“And, indeed, he rejects morality itself altogether, and holds with the last new principle of general destruction for the sake of ultimate good. He demands already more than a hundred million heads for the establishment of common sense in Europe; many more than they demanded at the last Peace Congress.”  [p.79]
“It's urged that, however much you tinker with the world, you can't make a good job of it, but that by cutting off a hundred million heads and so lightening one's burden, one can jump over the ditch more safely.” [p.383]
Several other well-known flaws of the Communist system are also predicted in the novel.   He accurately foresees that the idealists who supposedly fix society by removing greed and materialism will themselves end up closely guarding their perks, including property and material privileges, under the new system:

”Why is it, as I've noticed," Stepan Trofimovitch whispered to me once, "why is it that all these desperate socialists and communists are at the same time such incredible skinflints, so avaricious, so keen over property, and, in fact, the more socialistic, the more extreme they are, the keener they are over property ... why is it?” [p.64]
Dostoyevsky also shines a critical eye on the idea that Communism is somehow “scientific”, and that logic and reason demand its implementation as the next stage of societal progress:

Reason has never had the power to define good and evil, or even to distinguish between good and evil, even approximately; on the contrary, it has always mixed them up in a disgraceful and pitiful way; science has even given the solution by the fist. This is particularly characteristic of the half-truths of science, the most terrible scourge of humanity, unknown till this century, and worse than plague, famine, or war. A half-truth is a despot .. such as has never been in the world before. A despot that has its priests and its slaves, a despot to whom all do homage with love and superstition hitherto inconceivable, before which science itself trembles and cringes in a shameful way.  [p.233]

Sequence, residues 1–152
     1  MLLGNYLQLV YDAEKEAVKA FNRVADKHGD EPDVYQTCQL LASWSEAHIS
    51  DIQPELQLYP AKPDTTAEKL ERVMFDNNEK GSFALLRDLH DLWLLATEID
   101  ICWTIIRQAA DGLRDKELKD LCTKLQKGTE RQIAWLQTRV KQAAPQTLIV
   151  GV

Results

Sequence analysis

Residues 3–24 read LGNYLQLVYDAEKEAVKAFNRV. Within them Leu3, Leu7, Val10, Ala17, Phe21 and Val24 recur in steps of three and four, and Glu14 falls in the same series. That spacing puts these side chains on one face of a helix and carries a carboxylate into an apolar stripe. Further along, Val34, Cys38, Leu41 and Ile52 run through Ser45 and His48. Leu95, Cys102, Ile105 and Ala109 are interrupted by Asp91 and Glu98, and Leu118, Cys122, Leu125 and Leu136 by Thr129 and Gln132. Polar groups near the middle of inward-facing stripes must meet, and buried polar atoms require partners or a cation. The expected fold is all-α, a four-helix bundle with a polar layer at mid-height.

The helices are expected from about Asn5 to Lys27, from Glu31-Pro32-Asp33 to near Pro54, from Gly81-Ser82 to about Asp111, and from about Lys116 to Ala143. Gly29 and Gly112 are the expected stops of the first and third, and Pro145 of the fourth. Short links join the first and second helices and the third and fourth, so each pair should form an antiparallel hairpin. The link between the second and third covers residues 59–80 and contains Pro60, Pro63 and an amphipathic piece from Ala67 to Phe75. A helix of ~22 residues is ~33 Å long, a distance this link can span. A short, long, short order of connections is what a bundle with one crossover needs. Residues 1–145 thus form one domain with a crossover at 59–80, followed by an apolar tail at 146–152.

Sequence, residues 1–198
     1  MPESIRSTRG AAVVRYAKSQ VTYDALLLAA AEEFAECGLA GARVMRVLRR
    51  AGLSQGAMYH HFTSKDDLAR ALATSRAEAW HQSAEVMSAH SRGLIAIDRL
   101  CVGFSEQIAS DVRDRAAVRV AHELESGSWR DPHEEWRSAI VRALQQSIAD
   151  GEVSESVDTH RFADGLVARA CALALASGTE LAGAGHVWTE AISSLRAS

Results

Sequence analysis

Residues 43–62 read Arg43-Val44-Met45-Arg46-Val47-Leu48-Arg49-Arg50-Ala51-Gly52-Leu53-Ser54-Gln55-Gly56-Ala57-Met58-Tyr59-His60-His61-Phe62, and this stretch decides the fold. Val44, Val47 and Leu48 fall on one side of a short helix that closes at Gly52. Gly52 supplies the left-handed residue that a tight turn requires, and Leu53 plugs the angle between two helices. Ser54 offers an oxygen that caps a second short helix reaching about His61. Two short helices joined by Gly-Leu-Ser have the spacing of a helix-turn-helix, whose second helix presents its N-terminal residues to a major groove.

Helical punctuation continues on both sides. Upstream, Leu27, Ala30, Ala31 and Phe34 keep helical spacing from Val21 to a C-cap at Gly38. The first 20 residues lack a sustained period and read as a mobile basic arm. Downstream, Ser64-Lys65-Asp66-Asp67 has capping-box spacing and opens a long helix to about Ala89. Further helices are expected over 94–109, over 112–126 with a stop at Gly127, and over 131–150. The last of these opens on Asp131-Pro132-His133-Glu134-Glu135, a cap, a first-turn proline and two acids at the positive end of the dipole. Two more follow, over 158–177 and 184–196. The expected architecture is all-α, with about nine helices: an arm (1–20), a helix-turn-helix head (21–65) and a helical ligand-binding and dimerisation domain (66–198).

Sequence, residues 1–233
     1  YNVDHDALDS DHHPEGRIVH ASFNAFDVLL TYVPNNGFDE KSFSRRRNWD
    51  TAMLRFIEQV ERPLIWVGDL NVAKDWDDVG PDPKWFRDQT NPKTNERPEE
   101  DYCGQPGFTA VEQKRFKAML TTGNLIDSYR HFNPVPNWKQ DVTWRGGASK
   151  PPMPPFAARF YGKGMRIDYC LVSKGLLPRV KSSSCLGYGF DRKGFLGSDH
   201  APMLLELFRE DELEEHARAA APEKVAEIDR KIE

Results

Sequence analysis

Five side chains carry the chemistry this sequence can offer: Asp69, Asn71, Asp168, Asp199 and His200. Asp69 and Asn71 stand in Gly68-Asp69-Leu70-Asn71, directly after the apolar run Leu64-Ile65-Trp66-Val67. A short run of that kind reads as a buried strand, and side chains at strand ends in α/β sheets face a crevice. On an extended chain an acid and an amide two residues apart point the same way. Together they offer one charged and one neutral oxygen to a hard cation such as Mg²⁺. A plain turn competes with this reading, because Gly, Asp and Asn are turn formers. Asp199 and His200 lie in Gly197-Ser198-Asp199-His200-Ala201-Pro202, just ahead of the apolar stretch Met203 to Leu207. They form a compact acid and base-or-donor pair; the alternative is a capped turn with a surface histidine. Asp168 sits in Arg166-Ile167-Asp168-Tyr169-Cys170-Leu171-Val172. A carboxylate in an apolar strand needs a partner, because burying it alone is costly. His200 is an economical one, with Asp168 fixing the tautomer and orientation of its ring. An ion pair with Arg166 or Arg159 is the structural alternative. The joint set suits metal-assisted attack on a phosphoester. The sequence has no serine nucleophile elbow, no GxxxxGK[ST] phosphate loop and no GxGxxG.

[Closing conversation]

It’s pretty amazing to us that all these words, which might be said to accurately describe events and philosophies of the Communist regimes of the 20th century, were written almost fifty years before the Russian Revolution.     And  it’s especially important in light of the arguments we hear about discussions like this podcast being “unfair” to Communism,  due to stressing examples of particular corrupt, failed implementations of the system.   Some say the problems are not with the system or ideas, but just with particularly poor implementations of Communism in the 20th century.    But ask yourself this:  if destructiveness, totalitarianism, bloodthirstiness, and human cruelty were not inherent to Communism, but just were the faults of particular leaders, how is it that Dostoyevsky was able to predict all these abuses, purely based on his experience with Communist and socialist philosophy, half a century in advance of them actually being implemented?     
As biographer Ronald Hingley wrote in 1978,   The Possessed was “an awesome, prophetic warning which humanity, no less possessed of collective and individual devilry in the 1970s than in the 1870s, shows alarmingly few signs of heeding.”     Seeing recent news reports, there’s no doubt that the 2010s could fit just as easily into that sentence.
This concludes your Story of Communism for today.